The Financial Reporting Council (FRC) has launched a public consultation on proposed revisions to the UK Corporate Governance Code. This follows the UK Government’s response to the white paper, ‘Restoring Trust in Audit and Corporate Governance’, which identified areas of reform related to a particular focus on directors’ responsibilities for internal control, risk, audit and corporate reporting.
This limited revision of the Code is the first for five years and it aims to enhance the Code’s effectiveness in promoting good corporate governance. There are five primary areas of focus:
- Revising those parts of the Code that deal with the need for a framework of prudent and effective controls to provide a stronger basis for reporting on and evidencing their effectiveness.
- Making necessary revisions to reflect the responsibilities of the board and audit committee for sustainability and ESG reporting and appropriate assurance in accordance with a company’s audit and assurance policy.
- Amending the Code to take account of the new Audit Committee Standard (Audit Committees and the External Audit: Minimum Standard).
- Improving the functioning of comply-or-explain where reporting is currently weaker, taking account of recently published FRC research and reports.
- Updating the Code to ensure that it aligns with changes to legal and regulatory requirements as set out in the Government’s response to the White Paper, including strengthening reporting on malus and clawback arrangements.
The FRC will also review the existing guidance which supports the Code: Guidance on Audit Committees, Guidance on Board effectiveness, and Guidance on risk management, internal control and related financial and business reporting. The public consultation will also be supported by a wide range of stakeholder outreach and information.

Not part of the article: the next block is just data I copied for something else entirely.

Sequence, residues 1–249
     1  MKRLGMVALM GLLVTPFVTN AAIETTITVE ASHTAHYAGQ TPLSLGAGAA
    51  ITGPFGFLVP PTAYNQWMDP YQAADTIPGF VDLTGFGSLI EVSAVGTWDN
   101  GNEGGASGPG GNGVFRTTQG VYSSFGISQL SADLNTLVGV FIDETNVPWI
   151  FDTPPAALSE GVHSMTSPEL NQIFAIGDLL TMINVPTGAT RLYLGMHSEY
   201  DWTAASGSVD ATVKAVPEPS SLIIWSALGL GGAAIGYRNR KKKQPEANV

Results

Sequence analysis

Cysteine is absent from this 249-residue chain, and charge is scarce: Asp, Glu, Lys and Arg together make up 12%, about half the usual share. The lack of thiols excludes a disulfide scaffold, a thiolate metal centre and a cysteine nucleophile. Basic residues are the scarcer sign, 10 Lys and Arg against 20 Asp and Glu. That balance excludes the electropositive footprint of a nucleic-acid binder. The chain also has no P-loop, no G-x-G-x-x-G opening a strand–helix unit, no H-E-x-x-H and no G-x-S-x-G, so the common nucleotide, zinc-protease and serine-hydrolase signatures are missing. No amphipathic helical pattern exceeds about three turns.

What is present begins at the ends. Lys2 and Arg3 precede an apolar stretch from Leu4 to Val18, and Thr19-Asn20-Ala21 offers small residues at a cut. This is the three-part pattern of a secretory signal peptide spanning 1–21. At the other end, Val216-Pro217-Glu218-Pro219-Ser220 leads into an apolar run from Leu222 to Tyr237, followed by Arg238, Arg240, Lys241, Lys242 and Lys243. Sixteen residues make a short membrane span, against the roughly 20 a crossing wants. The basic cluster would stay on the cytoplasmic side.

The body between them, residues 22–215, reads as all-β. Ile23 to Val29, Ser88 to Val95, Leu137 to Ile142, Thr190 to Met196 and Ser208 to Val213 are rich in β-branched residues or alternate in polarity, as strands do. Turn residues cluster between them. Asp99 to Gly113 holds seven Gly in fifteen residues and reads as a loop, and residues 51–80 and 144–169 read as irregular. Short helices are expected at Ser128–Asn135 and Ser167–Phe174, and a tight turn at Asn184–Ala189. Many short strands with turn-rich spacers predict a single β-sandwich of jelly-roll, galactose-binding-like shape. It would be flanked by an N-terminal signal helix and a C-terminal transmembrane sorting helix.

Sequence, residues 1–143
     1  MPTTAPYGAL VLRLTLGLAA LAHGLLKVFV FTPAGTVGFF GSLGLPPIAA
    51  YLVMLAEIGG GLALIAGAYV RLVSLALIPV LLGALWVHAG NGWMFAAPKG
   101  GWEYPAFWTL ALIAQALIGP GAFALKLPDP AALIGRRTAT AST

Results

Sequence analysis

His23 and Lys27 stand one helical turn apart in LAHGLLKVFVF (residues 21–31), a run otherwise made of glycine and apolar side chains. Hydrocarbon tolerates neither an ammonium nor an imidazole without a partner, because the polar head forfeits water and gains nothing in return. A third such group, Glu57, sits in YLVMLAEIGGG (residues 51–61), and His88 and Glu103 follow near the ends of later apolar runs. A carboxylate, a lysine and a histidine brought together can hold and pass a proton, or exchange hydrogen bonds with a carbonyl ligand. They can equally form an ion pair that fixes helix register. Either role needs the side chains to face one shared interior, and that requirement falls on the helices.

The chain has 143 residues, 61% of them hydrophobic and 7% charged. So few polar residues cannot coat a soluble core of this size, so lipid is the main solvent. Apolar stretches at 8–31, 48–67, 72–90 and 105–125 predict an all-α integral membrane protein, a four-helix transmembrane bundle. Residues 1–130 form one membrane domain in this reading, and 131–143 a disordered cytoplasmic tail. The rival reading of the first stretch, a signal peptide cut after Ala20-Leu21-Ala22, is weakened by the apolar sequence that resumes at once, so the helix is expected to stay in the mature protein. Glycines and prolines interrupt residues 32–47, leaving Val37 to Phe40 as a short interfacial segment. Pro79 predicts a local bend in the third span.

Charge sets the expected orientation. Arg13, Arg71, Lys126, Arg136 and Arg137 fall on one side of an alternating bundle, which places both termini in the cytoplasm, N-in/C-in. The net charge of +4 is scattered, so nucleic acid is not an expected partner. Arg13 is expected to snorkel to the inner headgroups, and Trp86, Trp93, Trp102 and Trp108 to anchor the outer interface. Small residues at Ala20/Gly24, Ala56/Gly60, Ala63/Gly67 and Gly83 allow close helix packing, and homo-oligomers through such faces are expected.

FRC CEO Jon Thompson, said: “We are pleased to launch this consultation on the proposed revisions to the Corporate Governance Code.
“Good corporate governance contributes to long-term company performance by helping to build an environment of trust, transparency, and accountability necessary for fostering long-term investment, financial stability, and business integrity. Enhancing the Corporate Governance Code will meet the needs of all corporate stakeholders, including investors, employees and suppliers, and boost the resilience of the UK economy, ensuring it continues to attract talent and investment. We look forward to receiving feedback from stakeholders and using this feedback to continue restoring trust in audit and corporate governance.”
Commenting on the public consultation, PwC UK head of audit, Hemione Hudson, said: “It’s good to see progress being made and we welcome efforts to continue driving up standards. The Government and the regulator have previously acknowledged that all parties involved in the corporate reporting ecosystem have a part to play in maintaining and strengthening the UK’s reputation as a trusted and leading place to do business.”
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The Accountant will update this story as more industry reactions are made public.